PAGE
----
Kolbert, Elizabeth. The Sixth Extinction: An Unnatural History. New York: Henry Holt & Company, 2014.
Most important, Kolbert delivers a compelling call to action. “Right now,” she writes, “we are deciding, without quite meaning to, which evolutionary pathways will remain open and which will forever be closed. No other creature has ever managed this, and it will, unfortunately, be our most enduring legacy.”

Since the origin of life on earth 3.8 billion years ago, our planet has experienced five mass extinction events. The last of these events occurred some 66 million years ago when a six-mile-wide asteroid is thought to have collided with earth, wiping out the dinosaurs. The Cretaceous extinction event dramatically changed the composition of biodiversity on the planet: Marine ecosystems essentially collapsed, and about 75 percent of all plant and animal species disappeared.

Despite the evidence that humanity is driving mass extinctions, we have been woefully slow to adopt the necessary measures to solve this global environmental challenge. Our response to the mass extinction — as well as to the climate crisis — is still controlled by a hopelessly outdated view of our relationship to our environment.

Fortunately, history is full of examples of our capacity to overcome even the most difficult challenges whenever a controversy is finally resolved into a choice between what is clearly right and what is clearly wrong. The anomalies Kolbert identifies are too glaring to ignore. She makes an irrefutable case that what we are doing to cause a sixth mass extinction is clearly wrong. And she makes it clear that doing what is right means accelerating our transition to a more sustainable world.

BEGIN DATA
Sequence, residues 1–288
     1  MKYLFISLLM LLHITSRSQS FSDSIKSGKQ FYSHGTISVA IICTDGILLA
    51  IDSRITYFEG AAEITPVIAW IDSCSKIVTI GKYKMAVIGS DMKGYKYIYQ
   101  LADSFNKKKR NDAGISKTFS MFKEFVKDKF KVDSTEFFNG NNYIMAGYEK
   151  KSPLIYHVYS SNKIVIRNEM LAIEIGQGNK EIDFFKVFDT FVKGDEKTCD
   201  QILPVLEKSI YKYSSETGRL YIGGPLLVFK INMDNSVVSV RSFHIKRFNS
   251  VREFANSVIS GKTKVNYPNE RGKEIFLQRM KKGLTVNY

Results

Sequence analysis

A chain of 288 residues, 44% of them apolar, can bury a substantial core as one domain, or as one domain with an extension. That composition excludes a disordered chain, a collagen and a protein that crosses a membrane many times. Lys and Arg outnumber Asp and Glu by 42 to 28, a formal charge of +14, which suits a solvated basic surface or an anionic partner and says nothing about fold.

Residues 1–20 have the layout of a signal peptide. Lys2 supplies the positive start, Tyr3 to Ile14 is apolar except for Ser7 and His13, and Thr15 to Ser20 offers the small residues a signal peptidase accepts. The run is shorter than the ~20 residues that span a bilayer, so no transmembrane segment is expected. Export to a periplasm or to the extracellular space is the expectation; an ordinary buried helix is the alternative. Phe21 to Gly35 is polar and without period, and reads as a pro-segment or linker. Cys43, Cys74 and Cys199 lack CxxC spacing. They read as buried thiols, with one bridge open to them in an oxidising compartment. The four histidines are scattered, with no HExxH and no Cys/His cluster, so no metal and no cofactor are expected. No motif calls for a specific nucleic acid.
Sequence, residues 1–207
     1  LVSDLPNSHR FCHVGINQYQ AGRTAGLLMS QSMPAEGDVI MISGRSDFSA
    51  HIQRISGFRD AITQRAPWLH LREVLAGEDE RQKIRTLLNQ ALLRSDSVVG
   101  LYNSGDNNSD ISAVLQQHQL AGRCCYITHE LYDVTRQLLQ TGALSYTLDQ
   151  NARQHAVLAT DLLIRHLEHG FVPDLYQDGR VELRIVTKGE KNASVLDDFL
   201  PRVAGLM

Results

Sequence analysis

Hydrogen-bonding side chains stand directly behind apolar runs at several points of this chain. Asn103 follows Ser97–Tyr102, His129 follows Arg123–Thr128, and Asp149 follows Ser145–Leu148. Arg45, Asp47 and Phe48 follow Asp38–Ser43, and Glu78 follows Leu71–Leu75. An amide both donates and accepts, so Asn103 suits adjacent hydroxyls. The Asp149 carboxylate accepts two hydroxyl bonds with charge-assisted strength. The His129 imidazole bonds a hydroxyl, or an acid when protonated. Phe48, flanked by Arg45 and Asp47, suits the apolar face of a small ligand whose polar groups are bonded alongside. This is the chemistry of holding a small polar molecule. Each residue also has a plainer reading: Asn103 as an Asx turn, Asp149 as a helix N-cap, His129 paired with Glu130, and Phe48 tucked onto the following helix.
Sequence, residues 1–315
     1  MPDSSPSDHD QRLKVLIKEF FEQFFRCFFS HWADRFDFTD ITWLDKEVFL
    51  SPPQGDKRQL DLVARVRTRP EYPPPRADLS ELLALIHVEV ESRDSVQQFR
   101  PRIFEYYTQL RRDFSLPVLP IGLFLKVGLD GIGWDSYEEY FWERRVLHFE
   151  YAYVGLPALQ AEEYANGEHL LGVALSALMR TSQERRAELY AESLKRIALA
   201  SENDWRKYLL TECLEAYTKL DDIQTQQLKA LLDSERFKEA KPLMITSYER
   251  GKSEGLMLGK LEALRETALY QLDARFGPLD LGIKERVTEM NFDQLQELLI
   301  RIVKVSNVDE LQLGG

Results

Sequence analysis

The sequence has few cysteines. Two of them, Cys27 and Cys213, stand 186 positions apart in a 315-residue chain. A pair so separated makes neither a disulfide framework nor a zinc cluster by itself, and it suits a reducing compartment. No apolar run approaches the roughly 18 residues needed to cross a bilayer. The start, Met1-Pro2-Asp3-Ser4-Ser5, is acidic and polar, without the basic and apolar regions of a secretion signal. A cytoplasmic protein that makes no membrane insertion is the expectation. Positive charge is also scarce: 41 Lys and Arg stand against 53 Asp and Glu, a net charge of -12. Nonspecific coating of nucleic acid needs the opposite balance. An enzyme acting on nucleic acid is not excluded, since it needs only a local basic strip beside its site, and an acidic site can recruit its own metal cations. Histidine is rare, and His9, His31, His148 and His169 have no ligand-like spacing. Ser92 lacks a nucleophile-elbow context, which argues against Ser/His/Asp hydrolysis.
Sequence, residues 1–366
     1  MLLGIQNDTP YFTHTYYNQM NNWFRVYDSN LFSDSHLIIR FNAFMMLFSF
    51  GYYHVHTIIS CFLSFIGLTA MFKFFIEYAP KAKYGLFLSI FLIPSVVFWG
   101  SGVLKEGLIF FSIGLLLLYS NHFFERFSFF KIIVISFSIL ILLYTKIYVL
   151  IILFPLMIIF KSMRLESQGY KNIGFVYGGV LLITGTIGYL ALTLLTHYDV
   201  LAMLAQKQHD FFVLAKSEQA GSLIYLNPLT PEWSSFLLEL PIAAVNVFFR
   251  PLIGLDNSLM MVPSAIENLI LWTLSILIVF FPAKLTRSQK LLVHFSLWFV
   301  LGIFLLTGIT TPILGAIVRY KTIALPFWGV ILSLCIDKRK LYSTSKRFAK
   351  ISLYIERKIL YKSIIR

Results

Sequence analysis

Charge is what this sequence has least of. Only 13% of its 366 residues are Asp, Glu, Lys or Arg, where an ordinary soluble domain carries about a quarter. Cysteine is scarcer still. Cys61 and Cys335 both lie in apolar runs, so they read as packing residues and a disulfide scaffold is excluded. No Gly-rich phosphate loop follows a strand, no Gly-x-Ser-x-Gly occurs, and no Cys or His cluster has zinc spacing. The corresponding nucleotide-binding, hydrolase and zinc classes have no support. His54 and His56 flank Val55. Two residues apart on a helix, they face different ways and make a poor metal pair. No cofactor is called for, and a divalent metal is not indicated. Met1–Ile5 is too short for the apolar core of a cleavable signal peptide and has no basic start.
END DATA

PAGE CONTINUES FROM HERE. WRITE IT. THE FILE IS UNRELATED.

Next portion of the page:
Read the New York Times review here.

Macy, Joanna and Brown, Molly. Coming Back to Life. Gabriola Island BC Canada: New Society Publishers, 2014. (updated version)
From Kathleen Dean Moore (noted author of Wild Comfort, many other books and see below) among many other comments at the beginning of the book:

“Where there is bewilderment, Joanna Macy brings wisdom. Where there are division and discord, she speaks for the Other. Where there is despair, she joins hands to dance. Humankind is about to make a Great Turning in one direction or another. If we find a way to turn toward a deeper, fuller humanity, one of the reasons will be the fiercely compassionate genius of Joanna Macy. (This) book is a great gift to the reeling world.”

McKibben, Bill. Deep Economy: The Wealth of Communities and the Durable Future. New York: Henry Holt and Company, 2007.

McKibben, Bill. Eaarth. (No! this is not a mis-spelling.) New York: St. Martin’s Press, 2011.
This is strong but important medicine. We already live on a planet markedly and long-term altered. How can we think about it both to urgently minimize damage to humans, other animals and plants? Also how can we find resilient new (or old) ways of living on this new planet?

Moore, Kathleen Dean & Nelson, Michael P., editors. Foreword by Nobel Peace Prize winner, Desmond Tutu. Moral Ground. San Antonio, Texas: Trinity University Press, 2010.